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Lamborghini Diablo

Lamborghini Diablo

By Jack Nerad

Lamborghini Diablo How do you follow a legend? As the 1990s were about to bloom Automobili Lamborghini faced that question on two fronts. It was forced to confront the problem of replacing both a legendary leader and a legendary car. Either issue would be difficult enough, but both at one time? Some might call the task impossible.

Its founder and spiritual leader, Ferruccio Lamborghini, had long since sold his brainchild and moved on to less stressful ventures, including his death (eventually). Absent from the company for more than a decade, Lamborghini's long shadow still stretched over the company that bore his name. The final car that he inspired, the Countach, was not only in production nearly twenty years after Lamborghini had signed the final sales contract, it was still regarded by many as the epitome of "supercardom." The company contemplated: How to follow a cover girl crowd-pleaser like the Countach?

Gazing into this void, the faceless Swiss investors who had taken control of Automobili Lamborghini from its founder in the Seventies decided to cash in and look for new investments. After all, it is one thing to maintain the production of an established car; it is quite another to find the inspiration for a completely new car. The Swiss found a willing taker in the unlikely form of the Chrysler Corporation.

By the mid-Eighties Chrysler had rebounded from a brush with bankruptcy, invented the minivan and suddenly become, against all odds, flush with success. In those heady days Chrysler thought it finally had the keys to the kingdom. And such success breeds a natural inclination to buy some expensive toys. For Chrysler Corporation, one of its expensive toys was American Motors and its Jeep brand; others were Maserati and Automobili Lamborghini. So it came to pass that American corporate managers and an Italian-led contingent of designers and engineers were given the great task to produce a vehicle that would succeed the Countach. In the absence of one single guiding force, the committee that created the Diablo made it so it would do and be everything the Countach did and was, but more so. And though Chrysler Corporation has long since been out of the picture (in 1994 it peddled its stake in the legendary firm to somewhat unlikely suitors from Indonesia), the car is one of the most formidable Italian-American combinations. The car's Italian-American heritage has survived the relatively recent acquisition of Automobili Lamborghini by yet another big, flush car company, Volkswagen-Audi. Time will tell if VW will prosper where Chrysler ultimately had to bail.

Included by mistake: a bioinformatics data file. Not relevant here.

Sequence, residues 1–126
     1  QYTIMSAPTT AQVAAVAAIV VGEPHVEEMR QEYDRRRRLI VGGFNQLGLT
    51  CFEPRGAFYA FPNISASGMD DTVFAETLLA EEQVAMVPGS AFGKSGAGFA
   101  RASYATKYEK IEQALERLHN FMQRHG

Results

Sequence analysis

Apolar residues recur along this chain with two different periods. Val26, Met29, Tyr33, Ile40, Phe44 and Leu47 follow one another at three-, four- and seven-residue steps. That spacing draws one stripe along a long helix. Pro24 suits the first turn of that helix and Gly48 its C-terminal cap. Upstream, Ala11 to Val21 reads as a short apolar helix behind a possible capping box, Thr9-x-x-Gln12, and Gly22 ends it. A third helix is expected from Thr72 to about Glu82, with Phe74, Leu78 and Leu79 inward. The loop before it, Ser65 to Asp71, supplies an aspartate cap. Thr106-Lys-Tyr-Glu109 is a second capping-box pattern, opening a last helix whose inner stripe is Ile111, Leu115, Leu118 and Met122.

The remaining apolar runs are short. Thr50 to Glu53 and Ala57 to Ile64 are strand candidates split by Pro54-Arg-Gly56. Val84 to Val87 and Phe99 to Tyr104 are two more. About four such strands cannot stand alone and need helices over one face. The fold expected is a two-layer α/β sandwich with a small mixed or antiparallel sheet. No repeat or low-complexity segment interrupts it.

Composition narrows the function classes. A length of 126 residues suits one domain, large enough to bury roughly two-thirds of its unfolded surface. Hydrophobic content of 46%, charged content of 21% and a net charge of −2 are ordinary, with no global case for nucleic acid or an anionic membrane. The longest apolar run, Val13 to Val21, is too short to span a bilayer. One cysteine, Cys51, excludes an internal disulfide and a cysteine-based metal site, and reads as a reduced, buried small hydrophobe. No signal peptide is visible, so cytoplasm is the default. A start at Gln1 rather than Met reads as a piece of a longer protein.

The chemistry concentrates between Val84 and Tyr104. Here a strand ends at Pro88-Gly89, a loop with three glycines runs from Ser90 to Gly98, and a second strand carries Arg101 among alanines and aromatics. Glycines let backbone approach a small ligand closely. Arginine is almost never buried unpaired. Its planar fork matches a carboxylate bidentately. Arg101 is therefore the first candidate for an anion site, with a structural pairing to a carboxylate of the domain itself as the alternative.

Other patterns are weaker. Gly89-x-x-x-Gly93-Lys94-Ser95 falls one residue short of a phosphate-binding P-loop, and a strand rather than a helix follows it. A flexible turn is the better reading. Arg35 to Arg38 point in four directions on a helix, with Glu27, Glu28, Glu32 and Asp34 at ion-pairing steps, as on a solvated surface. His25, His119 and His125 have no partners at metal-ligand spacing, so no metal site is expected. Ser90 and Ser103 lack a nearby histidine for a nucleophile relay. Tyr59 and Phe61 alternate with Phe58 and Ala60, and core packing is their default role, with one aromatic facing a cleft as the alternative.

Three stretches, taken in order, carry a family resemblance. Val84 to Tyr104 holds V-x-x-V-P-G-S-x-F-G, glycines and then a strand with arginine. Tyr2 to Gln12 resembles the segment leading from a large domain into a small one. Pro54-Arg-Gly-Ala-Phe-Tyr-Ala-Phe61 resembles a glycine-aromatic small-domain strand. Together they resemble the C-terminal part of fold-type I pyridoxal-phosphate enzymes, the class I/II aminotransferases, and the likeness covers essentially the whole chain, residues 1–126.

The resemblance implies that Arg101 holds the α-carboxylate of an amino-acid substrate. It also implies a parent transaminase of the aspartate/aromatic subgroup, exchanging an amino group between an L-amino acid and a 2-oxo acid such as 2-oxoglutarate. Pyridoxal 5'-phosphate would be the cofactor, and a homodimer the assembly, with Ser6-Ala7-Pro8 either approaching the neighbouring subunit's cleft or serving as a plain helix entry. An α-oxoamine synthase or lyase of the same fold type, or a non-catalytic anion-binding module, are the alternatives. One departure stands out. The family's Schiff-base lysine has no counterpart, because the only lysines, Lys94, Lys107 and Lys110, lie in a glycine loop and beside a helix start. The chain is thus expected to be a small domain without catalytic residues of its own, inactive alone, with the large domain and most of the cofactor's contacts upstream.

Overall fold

So much for the mixed parentage of the car, what about the Diablo itself? Well, though it might lack the staying power of its predecessor, which reigned at the top of the exoticar heap for a period of nearly two decades, the at-first-dismissed Diablo has demonstrated remarkable staying power of its own. Further, it seems to be the last of its breed of "styling first, function last" exotic GT cars. After all, Ferrari (Ferrari!) has decided to make its cars easier to drive, easier to live with and even easier to get in and out of. While that might be laudable to those of us who are having a more and more difficult time bending at various joints, wouldn't you rather see a sinuous supermodel emerge from an exotic foreign car than a creaky octogenarian?

Since it barely comes up to the average person's waist, the Diablo is (to its credit) a challenge to get into. With its radical swing-up doors and let-it-all-hang-out styling, it is also the contemporary car that has the biggest presence, kind of a Madonna for the road.

In most ways, just like the singer-actress, the Diablo revels in being outrageous and uses that as its key marketing tool. Just peer at the 6-liter all-alloy V-12 engine. With titanium connecting rods and 32-bit computerized engine controls (hey, those VW guys are good for something), a representative late-model Diablo has 543 horsepower on tap (at a busy 7100 rpm.) The peak torque figure is a stupendous 457 pound-feet at 5800 rpm.

With all this power perched very close to your right ear, the Diablo is automotivedom's grandest thrill ride. If it were to be offered to Disneyland patrons, even the SpeedPass line would be hours long.

To deal with the horrific amount of power (and the potentially ham-handed drivers who get to use it), Lamborghini decided to equip the Diablo with all-wheel-drive. While big and bigger tires used to be the answer, Pirelli simply can't build tires that are wide enough to cope with all the torque. Instead, like an oversize quattro, the Diablo employs a viscous coupling-governed drive system that slides some of the torque to the front wheels if the rears begin to slip. Don't plan any off-road expeditions when you buy your Diablo, though. Not only is ground clearance a minimal 5 1/2 inches (as it should be), the four-wheel-drive system also channels a maximum of 28 percent of torque to the front wheels, no matter what. This means the Diablo still feels like a rear-drive car, while being able to launch like a Saturn rocket.

Speaking of launch, a current Diablo in a decent state of tune can flash from zero to 60 miles per hour in 3.5 seconds or so, making it the quickest production car you can buy for your 300-large. Top speed, according to those very precise folks at Automobili Lamborghini, is reported to be 208 mph.

And that is the point. These days even Lamborghini is marketing its creature comforts, stereo system and automatic climate control. But if that's what you want, just stay in your La-Z-Boy and take a nap. We would rather blow some mental carbon out on a long-fast drive. And the Lamborghini Diablo is certainly the right tool for that job.
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